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After disappearing nearly a year ago as part of an investigation by Chinese authorities, prominent investment banker Bao Fan has resigned as chairman and chief executive of China Renaissance Holdings, the company said on Friday.

Mr. Bao, a deal-making banker for Chinese internet giants Alibaba and Tencent, went missing last February. China Renaissance initially said it had lost contact with Mr. Bao before later stating that he was cooperating with an investigation being carried out by the authorities in China.

Mr. Bao’s disappearance signaled an escalation in Beijing’s crackdown on the business elite as part of an anti-corruption campaign. It fueled concerns about the lengths that Chinese authorities would go to bring power players in the domestic economy to heel, while extending its control over its financial regulatory system.

In a filing on the Hong Kong Stock Exchange, China Renaissance said Mr. Bao was stepping down because of “health reasons and to spend more time on his family affairs.” The company did not explain the nature of the investigation Mr. Bao was under.

In addition to giving up his position as chief executive, the company said Mr. Bao had also resigned from the company’s board of directors.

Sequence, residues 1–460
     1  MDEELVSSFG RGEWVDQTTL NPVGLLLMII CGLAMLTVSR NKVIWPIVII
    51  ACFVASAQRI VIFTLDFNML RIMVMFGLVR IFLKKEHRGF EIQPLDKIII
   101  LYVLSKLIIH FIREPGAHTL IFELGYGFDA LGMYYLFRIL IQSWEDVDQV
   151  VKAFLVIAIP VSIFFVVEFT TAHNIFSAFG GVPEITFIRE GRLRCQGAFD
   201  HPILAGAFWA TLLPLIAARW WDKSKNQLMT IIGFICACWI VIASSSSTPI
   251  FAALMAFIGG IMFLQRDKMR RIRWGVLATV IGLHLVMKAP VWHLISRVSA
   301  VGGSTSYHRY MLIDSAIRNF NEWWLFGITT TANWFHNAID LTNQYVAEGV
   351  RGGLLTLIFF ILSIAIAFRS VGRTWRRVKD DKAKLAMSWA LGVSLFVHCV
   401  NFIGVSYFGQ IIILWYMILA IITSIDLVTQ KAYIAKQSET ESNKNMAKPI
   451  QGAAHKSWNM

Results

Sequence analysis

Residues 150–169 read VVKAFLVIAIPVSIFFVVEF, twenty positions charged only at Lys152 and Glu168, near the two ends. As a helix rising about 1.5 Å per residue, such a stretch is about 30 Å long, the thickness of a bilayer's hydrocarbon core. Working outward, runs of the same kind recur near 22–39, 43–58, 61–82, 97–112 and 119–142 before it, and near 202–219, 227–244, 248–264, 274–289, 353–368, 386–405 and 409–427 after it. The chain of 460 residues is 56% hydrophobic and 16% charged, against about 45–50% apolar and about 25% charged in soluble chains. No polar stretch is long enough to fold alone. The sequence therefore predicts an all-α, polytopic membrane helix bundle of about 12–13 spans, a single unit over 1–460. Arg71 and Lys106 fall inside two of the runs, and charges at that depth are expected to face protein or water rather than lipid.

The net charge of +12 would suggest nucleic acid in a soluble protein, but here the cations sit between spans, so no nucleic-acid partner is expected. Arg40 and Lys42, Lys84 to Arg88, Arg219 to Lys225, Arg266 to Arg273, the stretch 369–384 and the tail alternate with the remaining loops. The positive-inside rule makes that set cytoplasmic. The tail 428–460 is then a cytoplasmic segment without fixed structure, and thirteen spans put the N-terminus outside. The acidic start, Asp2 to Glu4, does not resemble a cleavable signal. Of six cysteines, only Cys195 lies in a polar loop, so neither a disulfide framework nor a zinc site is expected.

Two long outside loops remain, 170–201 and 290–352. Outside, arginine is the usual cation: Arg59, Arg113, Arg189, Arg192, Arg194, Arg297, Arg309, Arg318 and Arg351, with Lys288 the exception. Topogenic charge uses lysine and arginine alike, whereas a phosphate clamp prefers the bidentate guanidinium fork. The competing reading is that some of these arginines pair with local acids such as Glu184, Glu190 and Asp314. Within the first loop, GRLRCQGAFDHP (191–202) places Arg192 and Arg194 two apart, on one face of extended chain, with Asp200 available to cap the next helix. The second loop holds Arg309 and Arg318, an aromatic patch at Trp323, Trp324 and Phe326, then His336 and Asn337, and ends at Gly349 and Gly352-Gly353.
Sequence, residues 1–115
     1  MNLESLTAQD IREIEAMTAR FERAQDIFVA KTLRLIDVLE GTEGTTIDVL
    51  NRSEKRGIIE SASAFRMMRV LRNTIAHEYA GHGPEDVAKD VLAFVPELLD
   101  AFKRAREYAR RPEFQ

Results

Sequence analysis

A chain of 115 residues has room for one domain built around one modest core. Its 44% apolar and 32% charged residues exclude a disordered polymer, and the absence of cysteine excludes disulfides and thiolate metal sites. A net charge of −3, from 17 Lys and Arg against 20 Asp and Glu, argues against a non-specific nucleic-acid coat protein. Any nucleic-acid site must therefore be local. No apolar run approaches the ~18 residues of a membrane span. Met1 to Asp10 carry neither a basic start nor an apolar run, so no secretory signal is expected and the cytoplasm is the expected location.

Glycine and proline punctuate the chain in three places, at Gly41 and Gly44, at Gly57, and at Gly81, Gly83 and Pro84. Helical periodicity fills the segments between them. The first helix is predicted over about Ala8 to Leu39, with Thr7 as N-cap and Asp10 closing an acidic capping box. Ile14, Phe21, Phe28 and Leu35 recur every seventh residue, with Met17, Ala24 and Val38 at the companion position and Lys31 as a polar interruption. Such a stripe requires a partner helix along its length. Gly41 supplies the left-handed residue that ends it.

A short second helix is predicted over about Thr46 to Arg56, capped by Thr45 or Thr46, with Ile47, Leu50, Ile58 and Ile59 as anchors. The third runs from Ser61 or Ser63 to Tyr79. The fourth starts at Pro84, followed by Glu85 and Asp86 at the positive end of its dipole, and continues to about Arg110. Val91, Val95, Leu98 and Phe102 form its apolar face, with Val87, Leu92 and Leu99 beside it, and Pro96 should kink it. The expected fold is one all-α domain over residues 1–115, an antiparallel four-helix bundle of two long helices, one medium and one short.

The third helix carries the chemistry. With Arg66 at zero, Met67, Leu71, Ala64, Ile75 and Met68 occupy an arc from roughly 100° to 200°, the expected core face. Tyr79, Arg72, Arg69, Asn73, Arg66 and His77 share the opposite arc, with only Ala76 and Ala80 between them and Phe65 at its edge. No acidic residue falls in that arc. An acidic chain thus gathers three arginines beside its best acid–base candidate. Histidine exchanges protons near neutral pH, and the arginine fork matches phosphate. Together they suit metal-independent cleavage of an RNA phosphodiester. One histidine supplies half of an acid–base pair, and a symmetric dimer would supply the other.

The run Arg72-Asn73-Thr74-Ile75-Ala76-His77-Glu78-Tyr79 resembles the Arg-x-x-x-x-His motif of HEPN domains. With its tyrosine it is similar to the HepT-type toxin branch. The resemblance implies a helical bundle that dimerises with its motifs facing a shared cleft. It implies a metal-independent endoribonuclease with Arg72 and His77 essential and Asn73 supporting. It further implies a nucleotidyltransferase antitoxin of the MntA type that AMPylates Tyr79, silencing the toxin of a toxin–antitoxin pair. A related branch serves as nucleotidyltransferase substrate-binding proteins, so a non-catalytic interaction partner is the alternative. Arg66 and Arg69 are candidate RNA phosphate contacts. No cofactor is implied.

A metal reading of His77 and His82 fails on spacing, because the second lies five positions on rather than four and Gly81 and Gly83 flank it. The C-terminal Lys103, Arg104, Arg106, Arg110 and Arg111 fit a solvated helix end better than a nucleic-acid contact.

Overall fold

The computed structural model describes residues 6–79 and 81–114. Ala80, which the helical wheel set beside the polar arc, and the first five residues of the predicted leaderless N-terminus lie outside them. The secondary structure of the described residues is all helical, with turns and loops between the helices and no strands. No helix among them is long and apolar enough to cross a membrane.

“Mr. Bao has confirmed that he has no disagreement with the board and there is no other matter relating to his resignation that needs to be brought to the attention of the shareholders of the company,” China Renaissance said.

Mr. Bao was a well-connected banker at Morgan Stanley and Credit Suisse before he founded China Renaissance in 2004, which invested in many of the country’s most successful tech companies and helped them go public in Hong Kong and New York.

Xie Yijing, who was serving as interim chief executive during Mr. Bao’s absence, was appointed chairman and designated as the permanent head of China Renaissance, according to the filing.

Before Mr. Bao’s disappearance, Cong Lin, another executive at China Renaissance, was detained in 2022 by authorities as part of an investigation into his dealings before he joined the company.

China has targeted financial firms as part of its effort to rein in companies and executives in the name of bolstering national security. Over the past year, the Chinese authorities have targeted and raided several consulting firms with foreign ties. In November, China’s Ministry of State Security said it was a “staunch guardian of financial security.”

On Tuesday, in an article on the ministry’s WeChat page titled “Ten Cups of Tea” — a nod to being called in “for tea” as a euphemism for being questioned — the agency laid out 10 actions that would raise suspicions under China’s counterespionage law. A revision to the law last year broadened the definition of what constitutes spying, fueling concerns that workers at foreign companies could be swept up for taking part in normal business activities such as collecting information about industries and competitors.

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